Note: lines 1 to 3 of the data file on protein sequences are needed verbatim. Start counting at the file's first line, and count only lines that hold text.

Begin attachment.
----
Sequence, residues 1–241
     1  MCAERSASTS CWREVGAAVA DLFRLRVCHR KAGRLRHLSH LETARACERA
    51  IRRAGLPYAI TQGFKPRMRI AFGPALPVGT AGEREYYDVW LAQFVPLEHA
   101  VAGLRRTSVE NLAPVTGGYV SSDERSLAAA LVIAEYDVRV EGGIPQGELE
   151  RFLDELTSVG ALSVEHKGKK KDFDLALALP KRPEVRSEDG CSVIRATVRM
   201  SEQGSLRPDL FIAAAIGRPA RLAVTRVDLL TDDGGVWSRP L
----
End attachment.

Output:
Sequence, residues 1–241
     1  MCAERSASTS CWREVGAAVA DLFRLRVCHR KAGRLRHLSH LETARACERA
    51  IRRAGLPYAI TQGFKPRMRI AFGPALPVGT AGEREYYDVW LAQFVPLEHA